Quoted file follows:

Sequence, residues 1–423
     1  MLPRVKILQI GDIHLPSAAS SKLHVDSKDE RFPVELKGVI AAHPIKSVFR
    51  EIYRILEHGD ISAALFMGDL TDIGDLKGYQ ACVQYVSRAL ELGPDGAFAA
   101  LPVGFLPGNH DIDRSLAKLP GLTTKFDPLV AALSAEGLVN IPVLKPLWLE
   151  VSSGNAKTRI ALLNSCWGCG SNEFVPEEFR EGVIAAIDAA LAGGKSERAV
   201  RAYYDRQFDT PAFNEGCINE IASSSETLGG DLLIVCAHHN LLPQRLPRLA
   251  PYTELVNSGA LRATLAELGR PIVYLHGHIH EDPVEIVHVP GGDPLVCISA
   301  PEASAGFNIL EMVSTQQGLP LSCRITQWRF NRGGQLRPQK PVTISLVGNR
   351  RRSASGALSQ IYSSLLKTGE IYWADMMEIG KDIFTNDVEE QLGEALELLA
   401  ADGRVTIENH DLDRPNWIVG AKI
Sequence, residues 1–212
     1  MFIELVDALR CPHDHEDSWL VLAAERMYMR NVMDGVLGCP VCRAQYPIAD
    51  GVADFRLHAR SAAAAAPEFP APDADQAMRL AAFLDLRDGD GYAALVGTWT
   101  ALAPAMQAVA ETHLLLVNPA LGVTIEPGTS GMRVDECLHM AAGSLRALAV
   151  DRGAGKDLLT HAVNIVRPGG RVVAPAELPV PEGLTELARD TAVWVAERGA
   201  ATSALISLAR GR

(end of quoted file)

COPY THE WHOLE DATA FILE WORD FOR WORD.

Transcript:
Sequence, residues 1–423
     1  MLPRVKILQI GDIHLPSAAS SKLHVDSKDE RFPVELKGVI AAHPIKSVFR
    51  EIYRILEHGD ISAALFMGDL TDIGDLKGYQ ACVQYVSRAL ELGPDGAFAA
   101  LPVGFLPGNH DIDRSLAKLP GLTTKFDPLV AALSAEGLVN IPVLKPLWLE
   151  VSSGNAKTRI ALLNSCWGCG SNEFVPEEFR EGVIAAIDAA LAGGKSERAV
   201  RAYYDRQFDT PAFNEGCINE IASSSETLGG DLLIVCAHHN LLPQRLPRLA
   251  PYTELVNSGA LRATLAELGR PIVYLHGHIH EDPVEIVHVP GGDPLVCISA
   301  PEASAGFNIL EMVSTQQGLP LSCRITQWRF NRGGQLRPQK PVTISLVGNR
   351  RRSASGALSQ IYSSLLKTGE IYWADMMEIG KDIFTNDVEE QLGEALELLA
   401  ADGRVTIENH DLDRPNWIVG AKI
Sequence, residues 1–212
     1  MFIELVDALR CPHDHEDSWL VLAAERMYMR NVMDGVLGCP VCRAQYPIAD
    51  GVADFRLHAR SAAAAAPEFP APDADQAMRL AAFLDLRDGD GYAALVGTWT
   101  ALAPAMQAVA ETHLLLVNPA LGVTIEPGTS GMRVDECLHM AAGSLRALAV
   151  DRGAGKDLLT HAVNIVRPGG RVVAPAELPV PEGLTELARD TAVWVAERGA
   201  ATSALISLAR GR